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Sellers: Your House Could Be an Oasis for Buyers Seeking More Options

Sellers: Your House Could Be an Oasis for Buyers Seeking More Options

Florida Key sellers have a great opportunity this season as buyer demand still heavily outweighs the current supply of homes for sale. According to the National Association of Realtors (NAR), today’s housing inventory sits at only a 2.6-month supply. To put that into perspective, a neutral market typically features a 6-month supply. That places today’s market firmly in the sellers’ market category.

That same NAR data also shows today’s inventory of single-family homes is trailing behind the level we saw last year (see graph below):Sellers: Your House Could Be an Oasis for Buyers Seeking More Options | MyKCMBecause of the ongoing supply challenges, buyers can feel like they’re wandering across a vast, empty desert when searching for their next home. That means your house could provide an oasis for buyers thirsty for options – and it could increase the chances of buyers entering a bidding war for your home.

The latest Realtors Confidence Index Survey from NAR shows houses are receiving an average of 3.8 offers. A multiple-offer scenario lets you select the best offer and gives you incredible leverage when you sell this fall.

Bottom Line

Buyers today are looking for relief as they wander today’s inventory desert. Listing your house this fall – before more options appear – gives your house the best chance to be noticed by multiple buyers. Let’s connect today so your house can stand out as the oasis it truly is.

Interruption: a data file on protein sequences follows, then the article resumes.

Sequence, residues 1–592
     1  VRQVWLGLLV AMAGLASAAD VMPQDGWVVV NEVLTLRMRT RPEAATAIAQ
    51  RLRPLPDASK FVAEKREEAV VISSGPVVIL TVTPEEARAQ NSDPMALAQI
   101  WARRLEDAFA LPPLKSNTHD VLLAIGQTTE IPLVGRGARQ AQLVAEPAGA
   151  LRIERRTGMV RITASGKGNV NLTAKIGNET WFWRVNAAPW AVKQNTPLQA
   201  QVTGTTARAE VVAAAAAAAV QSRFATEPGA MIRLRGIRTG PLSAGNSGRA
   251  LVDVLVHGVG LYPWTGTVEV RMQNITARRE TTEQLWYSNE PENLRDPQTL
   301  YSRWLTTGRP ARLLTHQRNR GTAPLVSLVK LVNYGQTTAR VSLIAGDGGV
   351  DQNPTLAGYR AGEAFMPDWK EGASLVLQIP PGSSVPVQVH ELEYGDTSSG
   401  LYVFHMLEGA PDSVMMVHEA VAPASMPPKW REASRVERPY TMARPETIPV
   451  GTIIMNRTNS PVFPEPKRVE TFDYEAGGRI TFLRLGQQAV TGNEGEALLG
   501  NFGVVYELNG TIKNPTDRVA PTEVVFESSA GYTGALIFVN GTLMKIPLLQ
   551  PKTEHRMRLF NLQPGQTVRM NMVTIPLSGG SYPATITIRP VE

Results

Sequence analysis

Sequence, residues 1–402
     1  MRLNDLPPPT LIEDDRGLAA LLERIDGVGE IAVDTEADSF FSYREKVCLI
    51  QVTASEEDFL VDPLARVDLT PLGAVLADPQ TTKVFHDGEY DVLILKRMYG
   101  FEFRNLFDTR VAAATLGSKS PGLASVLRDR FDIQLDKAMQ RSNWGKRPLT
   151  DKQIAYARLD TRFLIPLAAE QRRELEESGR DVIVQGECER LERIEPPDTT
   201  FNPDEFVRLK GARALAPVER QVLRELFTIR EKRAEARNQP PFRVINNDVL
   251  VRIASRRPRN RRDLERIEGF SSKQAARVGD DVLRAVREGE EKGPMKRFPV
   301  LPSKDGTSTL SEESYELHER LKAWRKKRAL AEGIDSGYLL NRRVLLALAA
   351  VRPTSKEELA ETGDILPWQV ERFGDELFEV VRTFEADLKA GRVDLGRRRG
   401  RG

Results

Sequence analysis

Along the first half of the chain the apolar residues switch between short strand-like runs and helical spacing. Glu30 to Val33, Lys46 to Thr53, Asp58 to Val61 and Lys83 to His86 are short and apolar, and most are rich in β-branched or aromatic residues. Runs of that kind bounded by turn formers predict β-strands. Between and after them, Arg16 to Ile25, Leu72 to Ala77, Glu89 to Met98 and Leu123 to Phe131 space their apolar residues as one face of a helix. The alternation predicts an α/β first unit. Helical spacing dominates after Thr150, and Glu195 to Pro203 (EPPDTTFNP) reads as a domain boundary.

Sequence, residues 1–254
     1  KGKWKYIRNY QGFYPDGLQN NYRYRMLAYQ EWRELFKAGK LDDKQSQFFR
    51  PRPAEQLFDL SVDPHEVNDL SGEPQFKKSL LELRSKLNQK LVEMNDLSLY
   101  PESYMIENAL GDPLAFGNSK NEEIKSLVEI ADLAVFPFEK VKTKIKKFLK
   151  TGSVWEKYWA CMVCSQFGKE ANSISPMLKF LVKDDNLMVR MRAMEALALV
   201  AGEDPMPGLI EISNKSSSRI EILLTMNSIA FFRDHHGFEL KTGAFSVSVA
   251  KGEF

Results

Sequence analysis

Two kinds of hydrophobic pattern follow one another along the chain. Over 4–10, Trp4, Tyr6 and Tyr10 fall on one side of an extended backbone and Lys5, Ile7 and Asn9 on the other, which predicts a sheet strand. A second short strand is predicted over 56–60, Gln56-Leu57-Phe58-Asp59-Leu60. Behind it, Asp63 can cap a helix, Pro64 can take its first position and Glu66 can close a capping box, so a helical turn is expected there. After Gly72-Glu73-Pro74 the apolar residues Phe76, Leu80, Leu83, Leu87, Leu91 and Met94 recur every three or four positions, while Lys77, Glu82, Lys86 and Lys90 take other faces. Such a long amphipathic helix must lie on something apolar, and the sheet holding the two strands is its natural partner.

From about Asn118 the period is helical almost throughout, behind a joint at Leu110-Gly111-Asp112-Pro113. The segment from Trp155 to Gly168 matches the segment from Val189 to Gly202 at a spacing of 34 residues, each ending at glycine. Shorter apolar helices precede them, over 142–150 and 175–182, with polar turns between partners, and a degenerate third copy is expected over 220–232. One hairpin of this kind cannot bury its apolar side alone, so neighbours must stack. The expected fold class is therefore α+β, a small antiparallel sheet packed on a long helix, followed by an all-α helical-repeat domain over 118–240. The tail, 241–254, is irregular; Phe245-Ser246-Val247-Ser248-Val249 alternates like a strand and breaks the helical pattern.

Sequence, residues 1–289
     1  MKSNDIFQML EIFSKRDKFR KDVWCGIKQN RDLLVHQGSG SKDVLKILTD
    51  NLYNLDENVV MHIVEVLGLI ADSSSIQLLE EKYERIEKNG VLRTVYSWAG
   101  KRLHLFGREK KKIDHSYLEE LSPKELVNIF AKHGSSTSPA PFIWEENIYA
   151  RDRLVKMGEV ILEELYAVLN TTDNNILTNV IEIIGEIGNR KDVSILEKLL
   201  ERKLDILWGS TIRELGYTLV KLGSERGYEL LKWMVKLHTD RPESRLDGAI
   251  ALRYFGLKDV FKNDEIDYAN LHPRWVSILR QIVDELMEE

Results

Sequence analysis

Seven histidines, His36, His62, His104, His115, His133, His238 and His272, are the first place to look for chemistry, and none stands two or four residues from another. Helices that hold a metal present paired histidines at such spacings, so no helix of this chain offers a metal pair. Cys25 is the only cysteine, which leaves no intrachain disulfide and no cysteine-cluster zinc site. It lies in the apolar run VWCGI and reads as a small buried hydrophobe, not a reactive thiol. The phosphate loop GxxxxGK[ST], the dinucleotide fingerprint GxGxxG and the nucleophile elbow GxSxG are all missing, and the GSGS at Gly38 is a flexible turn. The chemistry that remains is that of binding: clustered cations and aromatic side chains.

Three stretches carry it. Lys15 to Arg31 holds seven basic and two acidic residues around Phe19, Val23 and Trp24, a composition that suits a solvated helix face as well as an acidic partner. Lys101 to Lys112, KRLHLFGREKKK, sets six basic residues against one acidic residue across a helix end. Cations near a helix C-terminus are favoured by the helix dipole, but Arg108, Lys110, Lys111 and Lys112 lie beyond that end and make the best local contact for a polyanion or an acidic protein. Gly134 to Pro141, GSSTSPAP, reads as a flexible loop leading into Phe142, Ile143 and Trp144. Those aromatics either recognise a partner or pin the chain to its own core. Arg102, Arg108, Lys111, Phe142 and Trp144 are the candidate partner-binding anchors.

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Dive Report: Trash and Corals – A Killer Combo

This Week’s Dive Report

Conditions this week were, again, very nice! We had slight winds and sunny skies — perfect weather to find yourself topside on a dive boat in the Florida Keys.

On Saturday morning, Islamorada Dive Center participated in the “Shoreline Restoration Services” marine debris clean-up tournament. We teamed up with Coastal Realty of the Florida Keys to bring up a bounty of trash. This was enough for a second-place win!

Sadly, everything collected is a mere “drop in the bucket” when it comes to plastics and pollution in our oceans. The Ocean Conservancy estimates that 8 million metric tons of plastics from land enter our seas every year. That’s the equivalent of dumping one New York City garbage truck full of plastic into the ocean every minute of every day for the entire year — horrible! We can and must all work together to curb our plastic addition and our trash problem, for the future of our waters.

Team Coastal Realty of the Florida Keys took second place in the “Shoreline Restoration Services” marine debris clean-up tournament this past weekend.We followed up that excellent morning of trash removal by actively restoring our reef on I.CARE coral restoration dives. Corals need clean, unpolluted environments to thrive because trash can get wrapped around fragile coral colonies and abrade or break them. If the seafloor is covered in trash, it could get in the way of new baby corals trying to settle, or encourage growth of algae, which does the same.

Doing these activities on the same day really emphasized, for me, just how connected land and sea are, and how everything we do up here affects what goes on down there. Sometimes, that’s easy to forget, so it’s nice to find ways to reinforce those lessons. All-in-all, it was a full, beautiful and rewarding day of helping our local reefs.

Next Week’s Dive Report

Conditions for this entire month have been incredible, and this last week of September is no exception. Calm seas ahead, so call us and get on a dive boat before winter hits. I know, I know — Florida “winter,” but still.

Conservation Update

I.CARE continues to plant corals every Saturday. This past weekend, we planted over 70 corals. This upcoming Saturday, you can do the same with Key Dives in Islamorada.

Conservation Tip

When you clean up trash along the shoreline and when you encounter it in the ocean, you act as an ambassador of the planet.


Plastics, ghost fishing line and other trash in our oceans can damage fragile corals. Help by stopping as much trash and plastics as you can from entering our oceans, and removing what you find there!